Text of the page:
Teaching is hard because you have twenty-some little ones that count on you every second of the day to meet their needs.  Academic, social, emotional.  They can be very needy.  They cry sometimes.  They get sick.  They are scared and fragile.  They are curious and rebellious.  They are naughty and nice.  There is not one minute of the day that a teacher can not be "on". 

I dragged myself into my classroom this morning and, after dumping my school bag, purse, and lunch in my room, immediately headed over to my teacher friend's room across the hall.  My reason was two-fold.  One, she has coffee.  And two, I knew she would listen to me.  In part because she would be trapped in her classroom if I stood blocking the doorway.

She mirrored my look of exhaustion and nodded as I began my tirade.  About how much I had to do.  About how much I did over the weekend.  About all the things in the upcoming weeks ahead.  Wah.  Wah.  Lucky for me, she is a good listener and understands the job - we've both been teachers for many years. 

"It's unrealistic and impossible to sustain our level of involvement and energy and work, day in and day out, year in an year out," she offered, no doubt trying to calm me down a bit and get me to leave her room so she could finish up all of her own work.  "Impossible," she added again for emphasis, even pausing for a minute from her grading to show her seriousness.   

You see, it's like that when you talk to a teacher.  We are so unbelievably busy every single second of the day, that when we do talk to one another, we are also undoubtedly doing some sort of paperwork or planning at the same time.  If we somehow manage to get a few extra seconds in our day, we either use the bathroom or scrounge up something to eat that does not contain 48 g of sugar. Time is of the essence.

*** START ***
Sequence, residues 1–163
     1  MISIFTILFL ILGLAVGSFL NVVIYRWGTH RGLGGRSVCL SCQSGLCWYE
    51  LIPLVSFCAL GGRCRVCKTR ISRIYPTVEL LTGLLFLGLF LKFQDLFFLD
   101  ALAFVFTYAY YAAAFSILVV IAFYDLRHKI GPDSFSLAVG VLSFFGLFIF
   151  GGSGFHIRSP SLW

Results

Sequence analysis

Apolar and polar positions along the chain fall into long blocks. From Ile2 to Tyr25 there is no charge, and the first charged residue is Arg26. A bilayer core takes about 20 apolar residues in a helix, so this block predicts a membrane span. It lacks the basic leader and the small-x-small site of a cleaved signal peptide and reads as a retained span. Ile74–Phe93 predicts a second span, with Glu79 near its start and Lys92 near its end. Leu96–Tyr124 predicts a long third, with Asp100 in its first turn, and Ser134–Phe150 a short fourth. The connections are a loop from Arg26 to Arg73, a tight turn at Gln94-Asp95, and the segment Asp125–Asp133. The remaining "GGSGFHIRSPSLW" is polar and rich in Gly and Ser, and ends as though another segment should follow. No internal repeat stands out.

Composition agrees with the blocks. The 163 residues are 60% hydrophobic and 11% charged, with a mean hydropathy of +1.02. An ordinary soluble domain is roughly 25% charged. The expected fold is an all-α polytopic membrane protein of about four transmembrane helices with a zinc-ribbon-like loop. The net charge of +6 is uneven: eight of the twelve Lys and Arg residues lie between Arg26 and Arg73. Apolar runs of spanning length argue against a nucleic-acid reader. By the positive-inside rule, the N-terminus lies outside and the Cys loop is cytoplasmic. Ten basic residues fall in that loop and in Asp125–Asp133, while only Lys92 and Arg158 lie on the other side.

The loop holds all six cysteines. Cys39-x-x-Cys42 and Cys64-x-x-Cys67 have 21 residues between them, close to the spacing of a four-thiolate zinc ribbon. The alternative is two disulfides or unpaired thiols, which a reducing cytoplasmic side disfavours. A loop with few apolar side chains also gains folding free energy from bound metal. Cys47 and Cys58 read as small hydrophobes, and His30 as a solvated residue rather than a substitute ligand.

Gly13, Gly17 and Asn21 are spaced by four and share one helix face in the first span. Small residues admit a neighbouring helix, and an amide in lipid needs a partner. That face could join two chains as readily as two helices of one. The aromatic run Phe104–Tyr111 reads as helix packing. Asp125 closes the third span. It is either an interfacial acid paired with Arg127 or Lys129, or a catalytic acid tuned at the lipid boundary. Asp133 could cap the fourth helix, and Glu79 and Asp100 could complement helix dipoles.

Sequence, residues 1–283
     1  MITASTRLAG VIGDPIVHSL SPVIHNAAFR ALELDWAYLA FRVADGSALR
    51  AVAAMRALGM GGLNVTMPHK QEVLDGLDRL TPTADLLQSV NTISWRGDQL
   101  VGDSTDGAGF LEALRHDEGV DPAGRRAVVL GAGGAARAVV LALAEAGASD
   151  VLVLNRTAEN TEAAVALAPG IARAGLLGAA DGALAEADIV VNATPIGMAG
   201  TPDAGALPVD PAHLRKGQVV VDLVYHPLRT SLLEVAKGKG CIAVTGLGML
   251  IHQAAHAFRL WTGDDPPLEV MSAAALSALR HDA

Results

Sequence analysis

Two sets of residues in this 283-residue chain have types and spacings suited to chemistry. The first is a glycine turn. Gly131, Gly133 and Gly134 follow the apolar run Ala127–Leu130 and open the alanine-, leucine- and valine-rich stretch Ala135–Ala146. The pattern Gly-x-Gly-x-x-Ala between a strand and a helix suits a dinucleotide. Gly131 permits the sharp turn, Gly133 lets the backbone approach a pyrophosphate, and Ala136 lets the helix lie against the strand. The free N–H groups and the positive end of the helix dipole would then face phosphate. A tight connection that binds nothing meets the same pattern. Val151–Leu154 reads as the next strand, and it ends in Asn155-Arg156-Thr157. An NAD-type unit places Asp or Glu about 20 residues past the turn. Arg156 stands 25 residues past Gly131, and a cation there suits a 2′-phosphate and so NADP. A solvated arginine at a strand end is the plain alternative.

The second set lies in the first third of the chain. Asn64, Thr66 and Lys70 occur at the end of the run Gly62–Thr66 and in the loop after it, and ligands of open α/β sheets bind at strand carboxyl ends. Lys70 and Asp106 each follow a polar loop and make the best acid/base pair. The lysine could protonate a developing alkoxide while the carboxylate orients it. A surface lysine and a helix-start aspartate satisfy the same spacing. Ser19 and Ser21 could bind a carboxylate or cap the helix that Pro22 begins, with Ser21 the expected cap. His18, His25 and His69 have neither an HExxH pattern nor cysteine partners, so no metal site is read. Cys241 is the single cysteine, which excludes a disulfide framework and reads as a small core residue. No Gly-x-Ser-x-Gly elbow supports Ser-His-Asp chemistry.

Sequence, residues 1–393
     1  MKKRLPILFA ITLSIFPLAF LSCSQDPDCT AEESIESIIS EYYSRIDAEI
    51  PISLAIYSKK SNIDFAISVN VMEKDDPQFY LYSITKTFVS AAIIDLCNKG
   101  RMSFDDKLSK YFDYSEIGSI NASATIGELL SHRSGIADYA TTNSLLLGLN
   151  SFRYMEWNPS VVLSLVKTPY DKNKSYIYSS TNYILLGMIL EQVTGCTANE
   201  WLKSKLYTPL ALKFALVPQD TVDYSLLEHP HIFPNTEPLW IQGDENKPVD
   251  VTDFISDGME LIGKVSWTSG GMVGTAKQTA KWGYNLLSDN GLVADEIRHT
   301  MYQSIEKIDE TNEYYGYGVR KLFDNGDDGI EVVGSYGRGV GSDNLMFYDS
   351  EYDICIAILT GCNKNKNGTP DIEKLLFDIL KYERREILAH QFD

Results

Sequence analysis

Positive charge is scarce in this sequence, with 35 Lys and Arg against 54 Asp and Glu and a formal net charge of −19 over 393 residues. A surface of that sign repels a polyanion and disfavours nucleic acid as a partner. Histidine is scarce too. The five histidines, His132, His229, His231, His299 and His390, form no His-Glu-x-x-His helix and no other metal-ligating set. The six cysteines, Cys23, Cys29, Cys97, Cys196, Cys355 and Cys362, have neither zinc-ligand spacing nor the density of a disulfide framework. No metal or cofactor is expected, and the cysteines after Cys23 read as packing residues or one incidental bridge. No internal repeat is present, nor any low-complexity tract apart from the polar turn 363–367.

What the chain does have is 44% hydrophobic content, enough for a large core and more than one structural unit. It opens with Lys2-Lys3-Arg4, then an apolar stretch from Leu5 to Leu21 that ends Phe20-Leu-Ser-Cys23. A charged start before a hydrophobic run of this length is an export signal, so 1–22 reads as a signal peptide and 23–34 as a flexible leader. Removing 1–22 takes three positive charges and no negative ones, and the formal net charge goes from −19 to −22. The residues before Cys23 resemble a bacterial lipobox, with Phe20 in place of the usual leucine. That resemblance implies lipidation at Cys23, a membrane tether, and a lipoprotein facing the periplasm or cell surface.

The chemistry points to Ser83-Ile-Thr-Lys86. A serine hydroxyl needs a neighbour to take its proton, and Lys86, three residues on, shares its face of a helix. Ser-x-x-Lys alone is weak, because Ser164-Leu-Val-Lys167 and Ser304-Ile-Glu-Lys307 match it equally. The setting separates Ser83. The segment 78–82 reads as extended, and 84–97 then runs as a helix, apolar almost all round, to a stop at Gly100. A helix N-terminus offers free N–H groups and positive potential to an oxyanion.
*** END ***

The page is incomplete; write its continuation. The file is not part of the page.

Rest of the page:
"You're right!" I exclaimed, feeling a bit better.  And I headed to my room to attempt to get through sixteen hours of preparation, grading, and work in sixty minutes.

On the positive side, the days fly by!  Teaching certainly isn't a job where you are ever sitting around bored or watching the clock.  Although I'll admit, there are times I watch the second hand waiting for the bell to ring for recess!  My Nike fuel band registers at least 4,500 points a day with, on average, 13,000 steps.  I think those numbers rival the spinning instructors at my gym.  And I'm not even trying.